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Researchers Able to Identify that Benign Tumors from Use of Oral Contraceptive Have a Greater Chance of Becoming Malignant

Although very rare, the use of oral contraceptive can lead to benign tumors in the liver. The tumors, known as hepatocellular adenomas, can become malignant. It is, however, difficult for physicians to assess the risk of these tumors becoming malignant.

Matrix-Bio Options Metabolite Biomarker Technology from Purdue University to Evaluate Opportunities for New Cancer Diagnostic Tests

Matrix-Bio Inc., a diagnostics company that uses metabolite profiling to detect cancer and other diseases, has signed an exclusive agreement with the Purdue Research Foundation optioning metabolite biomarker technology and eight patent applications to evaluate the commercial potential of cancer diagnostics tests based on the technologies.

The optioned technologies include metabolite biomarkers for detecting esophageal, liver, pancreatic and colon cancer; for identifying liver cancer in patients with hepatitis C; and for predicting preoperative chemotherapy effectiveness for breast cancer treatment. Matrix-Bio’s agreement is for one year with an option to extend the agreement. No other terms of the agreement were released.

The new agreement builds on the existing master license agreement between Matrix-Bio and Purdue Research Foundation for breast cancer biomarkers and metabolite profiling technology developed by Dan Raftery, Matrix-Bio chief scientific officer and founder, while he was a member of the Purdue University research faculty. Raftery is now director of the Northwest Metabolomics Research Center at the University of Washington in Seattle, and is also a member of the Fred Hutchinson Cancer Research Center in Seattle, one of the world’s leading cancer research centers.

Matrix-Bio CEO Eric Beier said the agreement will enable the company to significantly expand its pipeline of cancer detection and monitoring tests, further advancing the company’s leadership in metabolomics-based cancer diagnostic technologies.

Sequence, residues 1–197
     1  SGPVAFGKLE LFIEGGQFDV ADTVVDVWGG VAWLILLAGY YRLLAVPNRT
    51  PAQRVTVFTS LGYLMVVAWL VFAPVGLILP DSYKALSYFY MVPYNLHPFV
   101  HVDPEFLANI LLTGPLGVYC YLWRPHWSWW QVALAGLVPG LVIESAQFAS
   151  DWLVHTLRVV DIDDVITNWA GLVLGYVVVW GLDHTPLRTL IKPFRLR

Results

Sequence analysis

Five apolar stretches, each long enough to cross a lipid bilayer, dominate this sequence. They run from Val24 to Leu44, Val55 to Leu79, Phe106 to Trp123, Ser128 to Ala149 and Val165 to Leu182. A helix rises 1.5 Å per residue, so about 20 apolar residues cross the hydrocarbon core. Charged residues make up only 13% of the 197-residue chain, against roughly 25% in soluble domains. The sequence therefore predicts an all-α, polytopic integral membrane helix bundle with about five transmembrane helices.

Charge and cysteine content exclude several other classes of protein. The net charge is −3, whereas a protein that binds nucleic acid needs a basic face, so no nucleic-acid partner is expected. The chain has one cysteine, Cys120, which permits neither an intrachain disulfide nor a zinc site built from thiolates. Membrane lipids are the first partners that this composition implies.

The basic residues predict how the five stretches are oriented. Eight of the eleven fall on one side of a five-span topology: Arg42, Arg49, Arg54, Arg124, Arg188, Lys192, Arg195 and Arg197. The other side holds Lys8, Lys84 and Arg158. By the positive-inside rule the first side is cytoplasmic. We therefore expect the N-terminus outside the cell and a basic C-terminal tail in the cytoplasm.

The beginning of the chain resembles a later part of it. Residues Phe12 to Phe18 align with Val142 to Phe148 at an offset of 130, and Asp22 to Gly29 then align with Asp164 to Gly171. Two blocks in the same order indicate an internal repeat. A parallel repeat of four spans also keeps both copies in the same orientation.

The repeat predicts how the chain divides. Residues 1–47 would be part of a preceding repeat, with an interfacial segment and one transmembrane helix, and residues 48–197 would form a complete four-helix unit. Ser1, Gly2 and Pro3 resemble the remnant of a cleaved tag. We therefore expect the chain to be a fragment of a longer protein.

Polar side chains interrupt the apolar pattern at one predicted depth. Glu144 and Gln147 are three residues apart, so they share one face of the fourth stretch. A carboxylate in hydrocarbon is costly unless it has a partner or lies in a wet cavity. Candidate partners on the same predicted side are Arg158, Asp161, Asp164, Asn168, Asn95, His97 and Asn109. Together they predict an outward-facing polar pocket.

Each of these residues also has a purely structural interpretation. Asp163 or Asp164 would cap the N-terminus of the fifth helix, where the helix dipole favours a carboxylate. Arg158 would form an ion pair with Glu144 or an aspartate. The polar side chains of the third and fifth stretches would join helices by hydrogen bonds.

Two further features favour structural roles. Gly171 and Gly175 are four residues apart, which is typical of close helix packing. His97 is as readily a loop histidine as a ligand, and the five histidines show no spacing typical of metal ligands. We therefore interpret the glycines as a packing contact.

“Metabolite profiling is an emerging field of diagnostics that looks at the changes in small molecule biomarkers in cells. Patterns of these metabolite biomarkers in the blood are altered when cancer is present,” Beier said. “Dr. Raftery’s technology identifies metabolic changes with very high sensitivity and specificity, and can detect various cancers in early, more treatable stages more accurately than currently available tests. Studies have also demonstrated that metabolite profiling can assist in monitoring cancer treatment.”

The announcement comes on the heels of an exclusive global licensing and marketing agreement for metabolomic biomarkers Matrix-Bio signed with Quest Diagnostics (NYSE: DGX), the world’s leading provider of diagnostic information services. Under the agreement, Quest Diagnostics has the rights to use the Matrix-Bio biomarkers for the future, potential development of a clinical lab-developed test to aid in the detection of breast cancer recurrence. Quest Diagnostics also has the option to pursue an appropriate regulatory pathway for an in vitro diagnostic version of the test. Additional terms were not disclosed.

Source: Business Wire

Plasma Biomarkers in Liver Cancer Refine Stratification of Patient Risk

According to an Internal Medicine News report, data presented at the 2011 Gastrointestinal Cancers Symposium at the American Society of Clinical Oncology meeting on gastrointestinal cancers in January sponsored by the American Society of Clinical Oncology suggests that a simple blood test may improve on systems conventionally used to estimate prognosis in patients with hepatocellular carcinoma.

CXCL10 is a Negative Prognostic Biomarker of Viral Clearance in Chronic HCV Patients

French researchers recently analyzed chronic hepatitis C virus (HCV) patients to identify plasma biomarkers for response to therapy. They identified CXCL10 as a negative prognostic biomarker of viral clearance.